Clinical research is being strangled. Developed in the 1920’s, statistical hypothesis testing was accepted into mainstream medical research in the 1950s and served well to provide structure to clinical research. However statistical hypothesis testing was not developed specifically for clinical research, and has been forced to undergo continuous adaptations in order to maintain relavance. Despite this effort, it has not kept up with clinical research sophistication that now generates an abundance of analyses. Since it has been unable to adapt sufficiently, statistical hypothesis testing is stunting the growth of clinical research, maintaining its p-value dominance at an unacceptable cost.
The thesis of this book is that clinical resesarch, with its need to assess benefit and risk, its safety perogative, and its plethora of resarch designs, requires an analysis rubric specifically designed for it. This new foundation is based on 1) the concept of duality, where a statistical effect size estimate can simultaneously provide evidence for benefit and evidence for harm, and 2) the notion that clinical research analyses can be partitioned into regions of analysis that can be weighted through the use of set and measure theory.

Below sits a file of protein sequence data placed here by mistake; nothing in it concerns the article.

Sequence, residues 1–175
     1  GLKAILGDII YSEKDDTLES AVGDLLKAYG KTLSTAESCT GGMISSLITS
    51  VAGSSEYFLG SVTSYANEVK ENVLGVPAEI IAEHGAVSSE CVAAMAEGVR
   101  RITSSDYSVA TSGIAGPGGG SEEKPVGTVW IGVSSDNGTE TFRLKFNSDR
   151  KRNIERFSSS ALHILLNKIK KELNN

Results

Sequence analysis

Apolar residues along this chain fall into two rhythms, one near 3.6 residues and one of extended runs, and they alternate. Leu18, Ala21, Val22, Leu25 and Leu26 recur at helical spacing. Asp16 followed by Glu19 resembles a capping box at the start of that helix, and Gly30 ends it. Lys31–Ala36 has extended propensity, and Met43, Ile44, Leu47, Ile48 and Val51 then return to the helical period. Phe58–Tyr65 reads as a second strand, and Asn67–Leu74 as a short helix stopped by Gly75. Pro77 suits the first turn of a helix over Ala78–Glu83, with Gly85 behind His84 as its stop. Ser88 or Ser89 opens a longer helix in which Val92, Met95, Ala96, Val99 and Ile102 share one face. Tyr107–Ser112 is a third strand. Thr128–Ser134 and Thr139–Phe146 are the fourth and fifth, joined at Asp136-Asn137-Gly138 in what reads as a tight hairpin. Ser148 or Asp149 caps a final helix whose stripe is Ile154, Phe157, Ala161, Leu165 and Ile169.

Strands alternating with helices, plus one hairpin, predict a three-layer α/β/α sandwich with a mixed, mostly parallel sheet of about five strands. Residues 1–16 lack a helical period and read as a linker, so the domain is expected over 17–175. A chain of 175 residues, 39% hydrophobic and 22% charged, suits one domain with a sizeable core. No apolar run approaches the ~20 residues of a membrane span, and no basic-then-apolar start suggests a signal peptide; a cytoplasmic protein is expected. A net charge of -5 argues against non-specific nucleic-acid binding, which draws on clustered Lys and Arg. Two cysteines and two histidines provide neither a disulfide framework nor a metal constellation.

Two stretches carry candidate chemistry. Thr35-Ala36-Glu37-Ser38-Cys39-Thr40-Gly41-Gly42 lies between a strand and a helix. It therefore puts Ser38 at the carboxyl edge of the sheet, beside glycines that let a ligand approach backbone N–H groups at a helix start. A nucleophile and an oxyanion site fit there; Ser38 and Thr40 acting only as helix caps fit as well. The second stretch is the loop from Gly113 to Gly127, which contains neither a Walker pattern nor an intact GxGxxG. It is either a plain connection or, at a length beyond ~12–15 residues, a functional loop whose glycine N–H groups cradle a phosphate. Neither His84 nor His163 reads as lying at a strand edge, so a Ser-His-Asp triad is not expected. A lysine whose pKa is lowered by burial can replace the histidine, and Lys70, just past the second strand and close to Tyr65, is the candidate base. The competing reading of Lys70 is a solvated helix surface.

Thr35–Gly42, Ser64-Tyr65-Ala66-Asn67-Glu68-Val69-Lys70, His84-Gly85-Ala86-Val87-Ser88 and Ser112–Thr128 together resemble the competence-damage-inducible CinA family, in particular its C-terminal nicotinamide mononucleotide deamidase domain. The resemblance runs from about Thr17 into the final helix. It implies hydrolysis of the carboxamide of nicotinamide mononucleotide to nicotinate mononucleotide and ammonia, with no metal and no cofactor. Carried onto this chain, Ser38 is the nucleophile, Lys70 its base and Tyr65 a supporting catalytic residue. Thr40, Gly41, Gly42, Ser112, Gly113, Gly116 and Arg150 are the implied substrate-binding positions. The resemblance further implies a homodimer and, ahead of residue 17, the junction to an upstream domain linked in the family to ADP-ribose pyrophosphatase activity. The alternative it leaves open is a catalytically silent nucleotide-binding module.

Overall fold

The entire theory is provided from first principals, requiring only a rudimentary background in clincal research.